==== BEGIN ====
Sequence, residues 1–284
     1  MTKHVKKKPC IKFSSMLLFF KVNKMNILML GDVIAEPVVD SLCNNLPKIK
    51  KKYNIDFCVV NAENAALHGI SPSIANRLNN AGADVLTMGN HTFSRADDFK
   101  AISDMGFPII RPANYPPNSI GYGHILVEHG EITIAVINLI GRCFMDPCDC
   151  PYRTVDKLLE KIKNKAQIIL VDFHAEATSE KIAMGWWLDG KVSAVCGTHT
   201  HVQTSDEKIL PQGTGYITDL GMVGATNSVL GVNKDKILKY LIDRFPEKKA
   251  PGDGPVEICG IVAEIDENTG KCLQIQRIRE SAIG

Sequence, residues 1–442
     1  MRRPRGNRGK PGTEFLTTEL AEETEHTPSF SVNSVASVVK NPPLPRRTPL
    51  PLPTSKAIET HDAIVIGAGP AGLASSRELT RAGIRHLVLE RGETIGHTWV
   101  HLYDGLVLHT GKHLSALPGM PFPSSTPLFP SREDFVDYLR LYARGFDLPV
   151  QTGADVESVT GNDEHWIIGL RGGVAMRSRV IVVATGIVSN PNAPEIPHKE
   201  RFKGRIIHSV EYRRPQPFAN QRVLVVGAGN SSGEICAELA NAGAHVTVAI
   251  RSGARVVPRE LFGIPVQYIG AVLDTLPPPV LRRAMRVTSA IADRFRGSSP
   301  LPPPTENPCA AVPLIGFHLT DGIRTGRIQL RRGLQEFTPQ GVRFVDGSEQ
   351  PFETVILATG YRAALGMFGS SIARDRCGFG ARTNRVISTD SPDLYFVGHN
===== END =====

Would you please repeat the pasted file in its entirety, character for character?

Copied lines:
Sequence, residues 1–284
     1  MTKHVKKKPC IKFSSMLLFF KVNKMNILML GDVIAEPVVD SLCNNLPKIK
    51  KKYNIDFCVV NAENAALHGI SPSIANRLNN AGADVLTMGN HTFSRADDFK
   101  AISDMGFPII RPANYPPNSI GYGHILVEHG EITIAVINLI GRCFMDPCDC
   151  PYRTVDKLLE KIKNKAQIIL VDFHAEATSE KIAMGWWLDG KVSAVCGTHT
   201  HVQTSDEKIL PQGTGYITDL GMVGATNSVL GVNKDKILKY LIDRFPEKKA
   251  PGDGPVEICG IVAEIDENTG KCLQIQRIRE SAIG

Sequence, residues 1–442
     1  MRRPRGNRGK PGTEFLTTEL AEETEHTPSF SVNSVASVVK NPPLPRRTPL
    51  PLPTSKAIET HDAIVIGAGP AGLASSRELT RAGIRHLVLE RGETIGHTWV
   101  HLYDGLVLHT GKHLSALPGM PFPSSTPLFP SREDFVDYLR LYARGFDLPV
   151  QTGADVESVT GNDEHWIIGL RGGVAMRSRV IVVATGIVSN PNAPEIPHKE
   201  RFKGRIIHSV EYRRPQPFAN QRVLVVGAGN SSGEICAELA NAGAHVTVAI
   251  RSGARVVPRE LFGIPVQYIG AVLDTLPPPV LRRAMRVTSA IADRFRGSSP
   301  LPPPTENPCA AVPLIGFHLT DGIRTGRIQL RRGLQEFTPQ GVRFVDGSEQ
   351  PFETVILATG YRAALGMFGS SIARDRCGFG ARTNRVISTD SPDLYFVGHN